3. Phul Singh was the owner of the remaining one-sixth share in the mauza in question. On the 6th March, 1879 and the 26th September, 1881, he mortgaged his one-sixth in favour of Lala Chatri Lal for 1,000 rupees and 3,000 rupees, respectively, with interest. Obviously, therefore, Lala Chatri Lal had a better security for the 5,500 rupees due on Jai Chand's five-sixths share than he had for the 1,000 rupees and 3,000 rupees due on Phul Singh's one-sixth share. On the 9th September and 30th October, 1887, respectively, Musammat Nandan and Phul Singh, executed or were expressed to execute, two mortgages in favour of Lala Chatri Lal. Each mortgage purported to affect the entire mauza, the first being in respect of the principal and interest due on Jai Chand's mortgage of the 13th November, 1876 and the second being in respect of the principal and interest due on Phul Singh's mortgages of the 6th March, 1879 and the 26th September, 1881. If these mortgages were valid, Lala Chatri Lal would get the security of Jai Chand's property for the indebtedness of Phul Singh and the security of Phul Singh's property for the indebtedness of Jai Chand.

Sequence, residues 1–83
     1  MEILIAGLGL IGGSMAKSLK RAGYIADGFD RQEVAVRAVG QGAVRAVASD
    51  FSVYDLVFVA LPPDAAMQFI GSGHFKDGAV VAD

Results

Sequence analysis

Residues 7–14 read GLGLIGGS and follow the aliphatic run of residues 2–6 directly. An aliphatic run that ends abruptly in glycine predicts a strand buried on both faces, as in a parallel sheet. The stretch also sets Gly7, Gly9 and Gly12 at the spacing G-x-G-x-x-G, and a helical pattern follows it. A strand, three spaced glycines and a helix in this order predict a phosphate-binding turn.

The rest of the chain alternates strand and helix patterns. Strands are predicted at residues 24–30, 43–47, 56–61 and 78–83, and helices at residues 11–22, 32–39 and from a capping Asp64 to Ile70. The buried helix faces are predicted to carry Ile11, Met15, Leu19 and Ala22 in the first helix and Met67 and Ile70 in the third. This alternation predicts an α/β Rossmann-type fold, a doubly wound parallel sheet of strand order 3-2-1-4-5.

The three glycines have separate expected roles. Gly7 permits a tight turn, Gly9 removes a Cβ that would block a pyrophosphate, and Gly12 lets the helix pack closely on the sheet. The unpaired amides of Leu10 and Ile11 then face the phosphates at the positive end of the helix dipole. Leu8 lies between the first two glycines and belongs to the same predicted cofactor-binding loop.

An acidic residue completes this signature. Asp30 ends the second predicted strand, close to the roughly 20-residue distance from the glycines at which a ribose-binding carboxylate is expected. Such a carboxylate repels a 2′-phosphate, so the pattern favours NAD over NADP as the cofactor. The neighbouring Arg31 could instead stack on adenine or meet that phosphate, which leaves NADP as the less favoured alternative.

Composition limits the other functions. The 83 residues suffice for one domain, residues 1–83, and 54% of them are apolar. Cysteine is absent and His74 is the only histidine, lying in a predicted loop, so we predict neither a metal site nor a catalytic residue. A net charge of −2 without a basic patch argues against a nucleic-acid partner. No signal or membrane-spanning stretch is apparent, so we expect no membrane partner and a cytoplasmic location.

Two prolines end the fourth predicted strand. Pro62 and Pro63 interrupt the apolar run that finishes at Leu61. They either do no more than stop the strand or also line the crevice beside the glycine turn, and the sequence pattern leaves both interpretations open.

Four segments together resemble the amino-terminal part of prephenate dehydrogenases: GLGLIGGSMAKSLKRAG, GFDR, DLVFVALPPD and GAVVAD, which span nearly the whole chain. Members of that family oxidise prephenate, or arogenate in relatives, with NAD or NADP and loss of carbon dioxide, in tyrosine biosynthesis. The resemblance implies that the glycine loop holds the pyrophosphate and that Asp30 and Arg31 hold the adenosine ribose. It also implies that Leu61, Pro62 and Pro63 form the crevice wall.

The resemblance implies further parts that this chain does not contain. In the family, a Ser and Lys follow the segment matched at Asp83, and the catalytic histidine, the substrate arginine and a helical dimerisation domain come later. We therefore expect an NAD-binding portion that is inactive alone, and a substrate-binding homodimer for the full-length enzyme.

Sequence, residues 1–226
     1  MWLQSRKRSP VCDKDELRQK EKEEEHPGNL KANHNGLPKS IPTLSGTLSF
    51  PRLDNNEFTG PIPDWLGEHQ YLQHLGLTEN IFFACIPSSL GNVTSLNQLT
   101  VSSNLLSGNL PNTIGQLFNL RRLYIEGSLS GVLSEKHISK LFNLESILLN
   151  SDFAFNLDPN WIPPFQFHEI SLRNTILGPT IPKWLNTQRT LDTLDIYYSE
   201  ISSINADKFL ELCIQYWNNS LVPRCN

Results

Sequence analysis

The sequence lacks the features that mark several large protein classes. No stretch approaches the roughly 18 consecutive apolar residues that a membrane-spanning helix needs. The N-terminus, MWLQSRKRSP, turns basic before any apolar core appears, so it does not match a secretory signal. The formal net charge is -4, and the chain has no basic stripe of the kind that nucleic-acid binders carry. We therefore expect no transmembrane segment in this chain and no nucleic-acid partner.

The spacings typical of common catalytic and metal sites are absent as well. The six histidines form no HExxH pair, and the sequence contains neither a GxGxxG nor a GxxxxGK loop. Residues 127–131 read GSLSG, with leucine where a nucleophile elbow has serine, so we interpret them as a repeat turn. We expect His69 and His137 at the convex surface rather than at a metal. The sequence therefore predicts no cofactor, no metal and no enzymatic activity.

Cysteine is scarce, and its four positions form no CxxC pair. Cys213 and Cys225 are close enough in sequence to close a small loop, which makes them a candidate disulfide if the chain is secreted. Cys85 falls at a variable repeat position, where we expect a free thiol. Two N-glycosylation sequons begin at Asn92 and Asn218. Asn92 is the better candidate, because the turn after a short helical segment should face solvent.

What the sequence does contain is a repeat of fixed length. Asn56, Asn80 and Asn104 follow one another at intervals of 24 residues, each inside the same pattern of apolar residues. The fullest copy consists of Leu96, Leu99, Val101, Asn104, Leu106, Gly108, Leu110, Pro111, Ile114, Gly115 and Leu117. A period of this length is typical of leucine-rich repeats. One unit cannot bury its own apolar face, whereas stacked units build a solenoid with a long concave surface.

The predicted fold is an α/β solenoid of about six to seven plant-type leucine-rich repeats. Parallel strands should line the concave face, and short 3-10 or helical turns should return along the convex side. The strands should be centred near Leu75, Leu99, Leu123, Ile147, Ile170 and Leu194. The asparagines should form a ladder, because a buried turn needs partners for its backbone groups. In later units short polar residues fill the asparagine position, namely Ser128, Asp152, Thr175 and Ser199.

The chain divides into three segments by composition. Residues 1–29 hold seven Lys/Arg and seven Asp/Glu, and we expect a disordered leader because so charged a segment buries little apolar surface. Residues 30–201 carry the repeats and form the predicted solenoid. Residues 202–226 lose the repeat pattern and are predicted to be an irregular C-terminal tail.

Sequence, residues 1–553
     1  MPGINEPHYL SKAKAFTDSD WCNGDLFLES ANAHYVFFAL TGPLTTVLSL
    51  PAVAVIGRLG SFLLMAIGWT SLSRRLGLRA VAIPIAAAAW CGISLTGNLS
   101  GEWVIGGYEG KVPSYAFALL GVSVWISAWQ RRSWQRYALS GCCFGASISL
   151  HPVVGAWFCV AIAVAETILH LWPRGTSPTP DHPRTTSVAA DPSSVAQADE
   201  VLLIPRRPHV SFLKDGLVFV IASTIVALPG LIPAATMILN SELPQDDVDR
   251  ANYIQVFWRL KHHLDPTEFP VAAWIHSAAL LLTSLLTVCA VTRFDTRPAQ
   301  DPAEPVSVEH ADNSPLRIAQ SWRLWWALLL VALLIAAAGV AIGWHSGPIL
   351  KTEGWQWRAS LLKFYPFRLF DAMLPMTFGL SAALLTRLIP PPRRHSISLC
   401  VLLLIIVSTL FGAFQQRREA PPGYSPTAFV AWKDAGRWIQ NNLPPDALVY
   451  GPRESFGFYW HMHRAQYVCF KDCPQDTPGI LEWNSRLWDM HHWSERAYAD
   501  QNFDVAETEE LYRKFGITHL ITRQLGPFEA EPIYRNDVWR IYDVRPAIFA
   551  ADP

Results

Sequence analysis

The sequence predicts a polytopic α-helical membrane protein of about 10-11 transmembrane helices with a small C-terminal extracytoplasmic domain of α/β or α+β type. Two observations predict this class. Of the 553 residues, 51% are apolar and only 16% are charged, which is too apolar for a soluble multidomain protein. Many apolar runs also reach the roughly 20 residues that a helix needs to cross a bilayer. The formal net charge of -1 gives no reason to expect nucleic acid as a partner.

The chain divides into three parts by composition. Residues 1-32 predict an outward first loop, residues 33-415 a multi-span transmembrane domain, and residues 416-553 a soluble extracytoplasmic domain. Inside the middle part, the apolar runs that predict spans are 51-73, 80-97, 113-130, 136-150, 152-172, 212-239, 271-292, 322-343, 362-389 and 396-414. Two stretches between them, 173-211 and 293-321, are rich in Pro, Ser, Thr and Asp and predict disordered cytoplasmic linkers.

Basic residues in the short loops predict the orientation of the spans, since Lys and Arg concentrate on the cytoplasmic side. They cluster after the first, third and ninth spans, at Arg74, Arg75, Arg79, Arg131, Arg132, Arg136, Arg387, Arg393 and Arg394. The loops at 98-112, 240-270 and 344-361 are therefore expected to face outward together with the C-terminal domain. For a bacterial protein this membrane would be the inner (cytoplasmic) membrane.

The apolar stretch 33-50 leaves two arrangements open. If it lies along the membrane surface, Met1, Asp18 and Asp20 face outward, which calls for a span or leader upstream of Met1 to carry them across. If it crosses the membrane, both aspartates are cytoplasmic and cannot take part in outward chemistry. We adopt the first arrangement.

4. In the year 1896 the mortgagee instituted a suit on the basis of the two deeds of 1887. The Subordinate) Judge decreed the suit in full, so that judgment went for the whole amount of the indebtedness both of Phul Singh and Jai Chand against the entire mauza. Both Phul Singh and Musammat Nandan appealed, but Phul Singh having shortly afterwards died, his appeal was abandoned by his heirs (the first three defendants in the present suit). The appeal of Musammat Nandan however came on for hearing and was allowed by the High Court. It was held that even if she had in fact executed the deeds of 1887, they were not binding on her. The mortgagee appealed to His Majesty in Council. Musammat Nandan died pending the appeal and the first three defendants in the present suit as Jai Chand's heirs were made respondents in her place. The appeal was dismissed. The real effect therefore of the deeds of 1887 must be determined on the footing that Musammat Nandan had never been made a party thereto. On this footing, Phul Singh must be taken to have made his own property a security of Jai Chand's indebtedness and to have tried to make Jai Chand's property a security for his own indebtedness-an attempt which could only succeed if he survived Musammat Nandan, which event did not happen. It follows that on Musammat Nandan's death the first three defendants succeeded to Jai Chand's property, subject to the mortgage of the 13th November, 1876, but free from any further charge purported to be created by Phul Singh. The only difficulty is that the High Court, in allowing the appeal of Musammat Nandan, left the order of the Subordinate Judge standing as against Phul Singh. But the first three defendants do not claim Jai Chand's property as heirs of Phul Singh, but as heirs of Jai Chand and it appears that after Musammat Nandan's death the order of the Subordinate Judge was executed (and in their Lordships' opinion, rightly executed) only as against Phul Singh's own one-sixth share of the mauza and not against Jai Chand's five-sixths share. The real question is whether anything has happened to preclude the mortgagee from enforcing the mortgage of the 13th November, 1876, against the first three defendants as the now owners of Jai Chand's five-sixths share.